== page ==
The recent lawsuit filed by David Einhorn's Greenlight Capital hedge fund is a "silly sideshow" and a waste of time and money, Apple CEO Tim Cook said today.
Cook, speaking during a Goldman Sachs conference in San Francisco, disputed Einhorn's claims that Apple has a Depression-era mindset and said the company makes "bold and ambitious" bets on products while being conservative financially. He noted that Apple invested about $10 billion in capital expenditures last year and that it will spend a similar amount this year along with investing in retail stores, distribution, R&D, supply chain, and acquisitions.
"I don't know how a company with a Depression-era mindset would have done all those things," Cook said. "We do have some cash, but it's a privilege to be in this position. ... It's an incredible privilege for us to be in a position where we can seriously consider returning additional cash to our shareholders."
He reiterated that Apple's management team and board are in "very active discussions" about ways to give more cash to investors, and said that it will evaluate all options, including those proposed by Einhorn.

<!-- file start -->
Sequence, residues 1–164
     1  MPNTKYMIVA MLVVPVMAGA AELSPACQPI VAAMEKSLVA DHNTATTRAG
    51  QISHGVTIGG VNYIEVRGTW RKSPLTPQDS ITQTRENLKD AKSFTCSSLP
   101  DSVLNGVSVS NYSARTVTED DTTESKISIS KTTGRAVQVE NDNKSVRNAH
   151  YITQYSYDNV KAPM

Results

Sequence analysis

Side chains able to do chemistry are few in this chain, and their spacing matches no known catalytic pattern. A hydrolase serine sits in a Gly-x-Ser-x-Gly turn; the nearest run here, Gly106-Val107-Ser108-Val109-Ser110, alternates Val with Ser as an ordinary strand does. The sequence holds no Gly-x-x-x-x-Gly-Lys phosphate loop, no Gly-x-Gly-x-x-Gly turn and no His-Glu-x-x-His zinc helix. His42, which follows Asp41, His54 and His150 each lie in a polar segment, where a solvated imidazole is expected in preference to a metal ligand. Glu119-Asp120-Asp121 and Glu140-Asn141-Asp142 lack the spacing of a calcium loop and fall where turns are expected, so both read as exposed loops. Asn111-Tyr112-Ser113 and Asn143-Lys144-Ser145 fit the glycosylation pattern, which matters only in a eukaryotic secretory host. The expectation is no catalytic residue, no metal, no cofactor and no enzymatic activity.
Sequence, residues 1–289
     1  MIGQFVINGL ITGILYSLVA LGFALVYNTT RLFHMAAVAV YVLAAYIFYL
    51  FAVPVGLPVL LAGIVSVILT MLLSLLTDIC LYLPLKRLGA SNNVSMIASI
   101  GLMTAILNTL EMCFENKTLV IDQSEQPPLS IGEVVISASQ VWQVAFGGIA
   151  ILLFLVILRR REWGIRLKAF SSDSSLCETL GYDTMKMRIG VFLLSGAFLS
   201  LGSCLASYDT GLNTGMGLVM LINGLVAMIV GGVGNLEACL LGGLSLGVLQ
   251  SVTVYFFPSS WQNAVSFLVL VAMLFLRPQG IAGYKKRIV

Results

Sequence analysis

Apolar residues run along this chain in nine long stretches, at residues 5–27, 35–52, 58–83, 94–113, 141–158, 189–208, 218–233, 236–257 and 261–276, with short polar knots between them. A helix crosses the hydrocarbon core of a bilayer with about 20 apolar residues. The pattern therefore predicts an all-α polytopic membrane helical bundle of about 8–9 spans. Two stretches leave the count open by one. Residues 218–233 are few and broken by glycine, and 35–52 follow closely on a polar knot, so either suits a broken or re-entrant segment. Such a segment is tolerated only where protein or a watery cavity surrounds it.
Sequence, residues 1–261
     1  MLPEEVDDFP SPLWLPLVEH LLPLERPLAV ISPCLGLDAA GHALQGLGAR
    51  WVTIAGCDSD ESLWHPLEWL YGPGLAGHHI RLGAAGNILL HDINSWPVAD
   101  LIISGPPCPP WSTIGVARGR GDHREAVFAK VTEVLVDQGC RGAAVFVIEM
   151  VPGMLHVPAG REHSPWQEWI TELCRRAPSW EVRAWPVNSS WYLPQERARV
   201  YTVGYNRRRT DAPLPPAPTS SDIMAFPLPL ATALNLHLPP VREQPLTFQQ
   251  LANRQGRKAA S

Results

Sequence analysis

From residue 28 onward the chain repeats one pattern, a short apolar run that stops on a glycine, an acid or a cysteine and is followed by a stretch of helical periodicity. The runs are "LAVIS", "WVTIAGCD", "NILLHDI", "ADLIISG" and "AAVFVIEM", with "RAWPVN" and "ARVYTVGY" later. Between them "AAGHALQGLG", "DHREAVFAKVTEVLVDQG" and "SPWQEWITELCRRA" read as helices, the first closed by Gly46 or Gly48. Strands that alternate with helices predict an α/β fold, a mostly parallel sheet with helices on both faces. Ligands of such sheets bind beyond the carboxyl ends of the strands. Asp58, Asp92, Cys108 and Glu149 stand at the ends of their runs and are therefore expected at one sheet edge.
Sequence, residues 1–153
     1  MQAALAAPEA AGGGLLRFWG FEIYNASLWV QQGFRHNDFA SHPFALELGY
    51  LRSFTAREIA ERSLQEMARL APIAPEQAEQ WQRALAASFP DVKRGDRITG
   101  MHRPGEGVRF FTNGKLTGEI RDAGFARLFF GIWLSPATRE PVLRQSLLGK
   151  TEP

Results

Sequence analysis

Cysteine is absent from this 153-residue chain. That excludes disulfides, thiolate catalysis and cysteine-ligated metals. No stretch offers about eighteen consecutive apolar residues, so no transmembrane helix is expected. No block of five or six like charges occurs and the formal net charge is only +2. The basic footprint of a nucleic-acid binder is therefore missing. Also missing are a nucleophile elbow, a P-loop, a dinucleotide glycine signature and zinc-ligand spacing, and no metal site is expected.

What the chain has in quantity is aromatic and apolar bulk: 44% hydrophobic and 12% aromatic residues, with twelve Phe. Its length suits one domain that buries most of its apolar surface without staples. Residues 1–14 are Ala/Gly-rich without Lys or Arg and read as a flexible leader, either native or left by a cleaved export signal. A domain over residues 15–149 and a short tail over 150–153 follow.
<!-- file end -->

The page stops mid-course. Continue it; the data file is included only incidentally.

Greenlight last weekthat would prevent the electronics giant from issuing preferred shares. The hedge fund wants Apple to share more of its cash with investors, and it believes the best way to do so is by distributing preferred stock to current shareholders.
"It has sort of a mentality of a depression," Einhorn said during a CNBC interview last week. "In other words, people who have gone through traumas -- and Apple's gone through a couple traumas in its history -- they sometimes feel they can never have enough cash."
Apple fired back, saying that the proposal wouldn't prevent preferred shares and that it would "thoroughly evaluate" Greenlight's plan.
Cook today called Greenlight's proposal "creative" but said the lawsuit Greenlight filed to block Proposal No. 2 in Apple's latest proxy statement is just a silly distraction. Greenlight argues that proposal would prevent Apple from issuing preferred stock, but the company says the provision simply protects shareholder rights by requiring their approval for any share issuance.
The Apple CEO added that the serious issue isn't the lawsuit but what Apple's going to do with its cash.
"Frankly, I find it bizarre that we would find ourselves being sued for doing something that's good for shareholders," Cook said. "I think it's a silly sideshow, honestly. And my preference would be that everyone on both sides of the issue would take the money they're spending on this and donate it to a worthy cause. That would be a lot better use of funds."